When ESET researchers analyzed the first file-encrypting Trojan to demand a ransom from Android users via a control centre hidden on the anonymized Tor Network, the malware was “somewhat anticipated”, ESET malware researcher Robert Lipovsky writes.
The malware Android/Simplocker, available as a bogus app, seems at present to be a proof-of-concept rather than a fully-fledged attack ready for mass release.
Only last month, Lipovsky reported on an Android worm, Samsapo.A. which displayed as an SMS message with text reading “Это твои фото?” (which is Russian for “Is this your photo?”) and a link to the malicious APK package.
In ESET’s Threat Trends Report predictions for this year, ESET experts warned of “an escalating increase in serious threats targeting Android phones and tablets – ESET detections of such malware increased more than 60% between 2012 and 2013. This trend is predicted to continue in 2014.”
ESET Latin America’s Research Laboratory in Buenos Aires points out that malware afflicting Android now uses classic PC attack methods – the discovery of vulnerabilities, then their exploitation through malicious code.
Thankfully, most of these threats can be avoided by sensible use of your device. Robert Lipovsky writes, “We encourage users to protect themselves against these threats using prevention and defensive measures. Adhering to security best practices, such as keeping away from untrustworthy apps and app sources, will reduce your risks. And if you keep current backups of all your devices then any ransomware or Filecoder trojan – be it on Android, Windows, or any operating system – is nothing more than a nuisance.”
Install ALL apps from Google Play or other big-name app stores unless you have a good reason not to
There are good reasons to install apps from outside Google’s Play Store (or other big-brand stores such as Amazon’s) – for instance, if your employer requires you to install a messaging app for work. Otherwise, don’t. Third-party stores, particularly those offering big-name apps for free are generally infested with malware, and downloading apps from them is a good way to get infected. If you HAVE to install a file from an unknown source, ensure your device is set to automatically block such installations afterwards.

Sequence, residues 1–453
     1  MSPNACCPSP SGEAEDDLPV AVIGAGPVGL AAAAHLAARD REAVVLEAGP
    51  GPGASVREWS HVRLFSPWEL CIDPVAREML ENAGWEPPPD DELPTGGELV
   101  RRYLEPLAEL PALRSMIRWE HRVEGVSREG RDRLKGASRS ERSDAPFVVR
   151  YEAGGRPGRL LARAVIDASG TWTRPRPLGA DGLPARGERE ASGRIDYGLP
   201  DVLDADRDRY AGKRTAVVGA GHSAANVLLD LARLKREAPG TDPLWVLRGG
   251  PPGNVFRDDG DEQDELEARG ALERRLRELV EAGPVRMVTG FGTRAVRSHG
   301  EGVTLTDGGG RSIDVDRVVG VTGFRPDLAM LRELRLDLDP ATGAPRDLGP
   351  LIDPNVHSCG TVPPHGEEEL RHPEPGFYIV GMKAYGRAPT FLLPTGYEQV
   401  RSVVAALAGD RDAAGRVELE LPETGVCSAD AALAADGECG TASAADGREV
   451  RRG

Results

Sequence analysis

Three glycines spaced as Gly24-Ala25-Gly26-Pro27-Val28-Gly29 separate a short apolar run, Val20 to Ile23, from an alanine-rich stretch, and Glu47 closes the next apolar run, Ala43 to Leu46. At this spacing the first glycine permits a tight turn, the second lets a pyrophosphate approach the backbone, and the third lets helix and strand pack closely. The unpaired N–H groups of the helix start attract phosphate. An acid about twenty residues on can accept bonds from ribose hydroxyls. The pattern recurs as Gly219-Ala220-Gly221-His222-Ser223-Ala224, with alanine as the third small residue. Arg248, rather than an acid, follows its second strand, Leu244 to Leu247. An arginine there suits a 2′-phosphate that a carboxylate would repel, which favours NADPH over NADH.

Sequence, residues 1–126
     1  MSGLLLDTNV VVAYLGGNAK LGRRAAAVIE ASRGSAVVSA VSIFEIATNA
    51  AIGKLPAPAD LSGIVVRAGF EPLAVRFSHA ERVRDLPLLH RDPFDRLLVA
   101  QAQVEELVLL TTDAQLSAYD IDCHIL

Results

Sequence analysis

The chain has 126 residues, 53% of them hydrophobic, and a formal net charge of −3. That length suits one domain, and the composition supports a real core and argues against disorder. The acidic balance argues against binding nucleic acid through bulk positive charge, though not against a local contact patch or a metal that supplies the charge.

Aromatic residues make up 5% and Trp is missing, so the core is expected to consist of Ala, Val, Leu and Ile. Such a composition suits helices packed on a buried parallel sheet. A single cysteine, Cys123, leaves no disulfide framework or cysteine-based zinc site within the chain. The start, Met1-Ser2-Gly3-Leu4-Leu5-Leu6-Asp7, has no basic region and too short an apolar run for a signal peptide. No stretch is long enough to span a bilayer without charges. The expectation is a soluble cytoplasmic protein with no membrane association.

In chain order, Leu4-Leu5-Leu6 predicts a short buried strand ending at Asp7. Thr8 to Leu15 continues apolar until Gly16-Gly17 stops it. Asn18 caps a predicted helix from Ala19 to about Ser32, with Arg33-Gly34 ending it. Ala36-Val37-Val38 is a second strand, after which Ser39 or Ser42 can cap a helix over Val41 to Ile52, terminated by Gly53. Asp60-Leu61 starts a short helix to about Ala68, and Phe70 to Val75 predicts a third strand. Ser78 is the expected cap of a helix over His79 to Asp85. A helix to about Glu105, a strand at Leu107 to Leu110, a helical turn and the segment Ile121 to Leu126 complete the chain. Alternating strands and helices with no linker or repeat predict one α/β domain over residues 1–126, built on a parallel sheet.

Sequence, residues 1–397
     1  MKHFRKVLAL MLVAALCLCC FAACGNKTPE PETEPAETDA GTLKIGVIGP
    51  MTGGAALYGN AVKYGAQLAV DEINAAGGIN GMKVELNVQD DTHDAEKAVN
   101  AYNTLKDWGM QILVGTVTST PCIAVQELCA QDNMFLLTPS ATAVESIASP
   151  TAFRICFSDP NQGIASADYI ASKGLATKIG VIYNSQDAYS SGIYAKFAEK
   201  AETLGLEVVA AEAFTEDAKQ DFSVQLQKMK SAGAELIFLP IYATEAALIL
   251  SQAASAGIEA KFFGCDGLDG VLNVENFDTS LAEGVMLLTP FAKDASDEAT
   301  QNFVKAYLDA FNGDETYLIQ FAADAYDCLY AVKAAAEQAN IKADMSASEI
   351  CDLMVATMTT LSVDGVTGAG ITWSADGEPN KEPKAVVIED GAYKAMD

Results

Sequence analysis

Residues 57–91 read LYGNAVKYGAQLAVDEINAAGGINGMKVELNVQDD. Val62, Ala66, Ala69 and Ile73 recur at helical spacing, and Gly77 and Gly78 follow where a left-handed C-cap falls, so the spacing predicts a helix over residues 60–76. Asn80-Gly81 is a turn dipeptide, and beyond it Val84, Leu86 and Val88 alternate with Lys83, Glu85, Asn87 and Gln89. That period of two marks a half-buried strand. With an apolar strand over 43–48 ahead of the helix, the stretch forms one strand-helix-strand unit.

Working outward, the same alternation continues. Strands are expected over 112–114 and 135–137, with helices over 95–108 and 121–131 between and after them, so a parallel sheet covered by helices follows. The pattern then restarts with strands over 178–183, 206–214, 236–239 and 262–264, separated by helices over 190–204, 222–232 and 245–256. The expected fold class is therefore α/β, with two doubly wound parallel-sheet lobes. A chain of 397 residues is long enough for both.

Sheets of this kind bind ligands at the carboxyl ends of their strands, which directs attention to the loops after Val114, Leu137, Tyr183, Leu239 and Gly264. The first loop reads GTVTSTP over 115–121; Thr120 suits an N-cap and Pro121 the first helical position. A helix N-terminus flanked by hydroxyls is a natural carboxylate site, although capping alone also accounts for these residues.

Don’t assume you’re safer on your Android
“Stay alert and don’t fall for common social engineering tricks,” says Lipovsky. Links, downloads and attachments can be just as risky on Android as they can on PC. It’s easy to assume that, for instance, opening emails on Android isn’t as risky as it can be on PC – but while Android malware is still rarer than the PC variety, phishers, for instance, may direct you to a fake website to harvest private information just as easily on an Android phone.
If posssible, don’t use any old ‘Droid
In an ideal world, you should use a new phone, running the latest version of Android – KitKat. Older versions are less secure – and your operator may not issue an upgrade for your handset, even if Google does. ESET Senior Research Fellow Righard J. Zwienenberg wrote last year, in response to a vulnerability “The biggest problem for consumers is the enormous number of old phones running Android that are still in use, for which the operators will not release a new version. Many phones still run the very popular, but outdated, Gingerbread Android platform. Regardless of whether Google releases patches for these versions, the phones will remain vulnerable.”
Ensure you are running the latest update of Android available for your device
Updates from Google should be available OTA (over the air) – and on newer phones, you should be able to set your phone to auto-update (with a restriction to do so via Wi-Fi rather than cellular networks). The area under Settings where you can alter these settings varies by manufacturer (on Samsung’s S5, it’s under About Device), but the menu option you need is Software Update. Select the first menu option to check you are running the latest version, and if not download and update it immediately.
Do the basics – lock your phone